My favorite parts though, even with the amazing weather and amazing food and beautiful scenery, have got to be the moments when I feel like part of the family here. Playing around with the kids, maybe cooking or making dessert, even setting the table for breakfast while everyone gets ready for bed. I am having an amazing time here, although I miss my real family so much.

Ten months seems like forever, but when I realize it's already been one, it seems like nothing at all.

Happy Fathers' Day!!

dimanche 18 mai 2014

La Vie en Elven!

First of all, yes this is a new blog. I could no longer access the other one to make background changes, and that just simply will NOT do. So since I'd rather not waste hours and precious sanity over something I can't change, instead you get something new and fresh. Something worthy of a college graduate.

That's right, a matter of weeks ago I graduated BYU with a Bachelor of Arts in Illustration. I am taking a year off school at the moment, and what better way to do that than with a COMPLETELY NEW LIFE?

Yep, on Tuesday, I picked up everything, got on a few planes, and moved into a beautiful contemporary home in the medieval town of Elven, France- Brittany region.

Elven is beautiful. Its buildings are rustic and made of stone. An incredible gothic church (I always want to say Cathedral, but apparently it's just a cute church. I'm too American for all this goodness!) dominates the town center that we live about 3 minutes from, walking. As far as the rest of town- the castle nearby, the old mill, the famous little stream.... I haven't had a chance to really explore yet, but I will!

I'm living here as an au pair for a wonderful family. François, the father, is an orthodontist. Aurelié, the mom, occasionally does paper work for his office and is also incredibly busy as their school's equivalent to a PTA president. She's so involved that she's in the staff photo!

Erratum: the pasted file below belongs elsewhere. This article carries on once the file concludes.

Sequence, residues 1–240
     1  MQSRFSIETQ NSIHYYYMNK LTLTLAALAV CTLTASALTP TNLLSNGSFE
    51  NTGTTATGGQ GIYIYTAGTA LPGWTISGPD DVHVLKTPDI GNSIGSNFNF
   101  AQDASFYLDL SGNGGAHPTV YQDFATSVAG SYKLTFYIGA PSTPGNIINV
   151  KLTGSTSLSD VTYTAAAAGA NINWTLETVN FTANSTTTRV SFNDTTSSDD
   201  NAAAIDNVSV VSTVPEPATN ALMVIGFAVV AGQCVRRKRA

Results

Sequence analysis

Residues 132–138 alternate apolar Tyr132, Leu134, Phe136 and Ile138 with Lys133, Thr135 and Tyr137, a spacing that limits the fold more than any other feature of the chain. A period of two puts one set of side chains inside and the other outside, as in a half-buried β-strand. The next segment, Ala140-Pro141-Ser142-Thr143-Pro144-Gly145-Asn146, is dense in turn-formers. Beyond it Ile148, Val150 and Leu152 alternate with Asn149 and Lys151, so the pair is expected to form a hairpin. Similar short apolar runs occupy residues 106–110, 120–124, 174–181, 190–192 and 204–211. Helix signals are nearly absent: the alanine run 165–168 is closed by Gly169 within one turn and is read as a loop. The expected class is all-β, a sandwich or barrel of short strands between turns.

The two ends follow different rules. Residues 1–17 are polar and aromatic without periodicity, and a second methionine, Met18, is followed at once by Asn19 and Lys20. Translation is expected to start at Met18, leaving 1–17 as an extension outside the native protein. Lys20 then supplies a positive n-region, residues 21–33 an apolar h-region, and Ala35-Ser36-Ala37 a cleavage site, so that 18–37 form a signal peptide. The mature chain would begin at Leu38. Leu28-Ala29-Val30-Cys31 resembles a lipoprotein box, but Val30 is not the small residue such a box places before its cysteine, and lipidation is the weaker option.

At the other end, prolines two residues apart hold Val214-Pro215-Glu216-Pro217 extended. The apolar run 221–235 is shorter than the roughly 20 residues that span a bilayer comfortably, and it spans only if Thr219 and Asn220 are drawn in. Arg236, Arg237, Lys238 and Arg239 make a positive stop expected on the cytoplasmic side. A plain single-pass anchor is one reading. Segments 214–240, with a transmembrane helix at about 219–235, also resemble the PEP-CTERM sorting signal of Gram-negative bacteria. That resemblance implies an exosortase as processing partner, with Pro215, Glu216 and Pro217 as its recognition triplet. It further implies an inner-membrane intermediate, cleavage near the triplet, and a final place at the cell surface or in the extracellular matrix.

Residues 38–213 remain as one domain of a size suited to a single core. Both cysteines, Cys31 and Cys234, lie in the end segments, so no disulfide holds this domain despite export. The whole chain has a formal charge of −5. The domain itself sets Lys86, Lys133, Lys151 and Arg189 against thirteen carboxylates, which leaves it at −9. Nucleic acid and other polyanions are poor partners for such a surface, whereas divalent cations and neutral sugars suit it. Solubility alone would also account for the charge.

They have three children; Victoria, the oldest, "chose" me as their au pair. She is smart but shy, but incredibly sweet and fond of me already. We draw together a lot, and luckily for me, she's already figured out how best to talk to me in French so I understand. She's excited to learn English, so we do that when we can, too. Gregoire, the middle child, is rambunctious to say the least. He's got a LOT more energy than a little sir should, but he's also got the cutest smile. And he does like me, just not minding me. And Edouard, the little baby, is just an angel.

My flight was long and tiresome, but when I arrived in the Nantes airport, the Omnes family was right there to greet me and take me home. We had a nice celebratory dinner, I settled into my wonderful room, and the next day we began normal life.

Of course, I'm still missing some paper work (after the crazy process to get the okay to work and live in France, I now have to get reapproved while IN France, but it's really more a "check in"...that takes...three months... Also, my drivers license is still in process.) and have to get tested to see which French Class I'm going to take- a requirement of all non-natives living here more than 3 months- (this language won't die on the French's watch!), but besides that, we're all getting adjusted to each other quickly.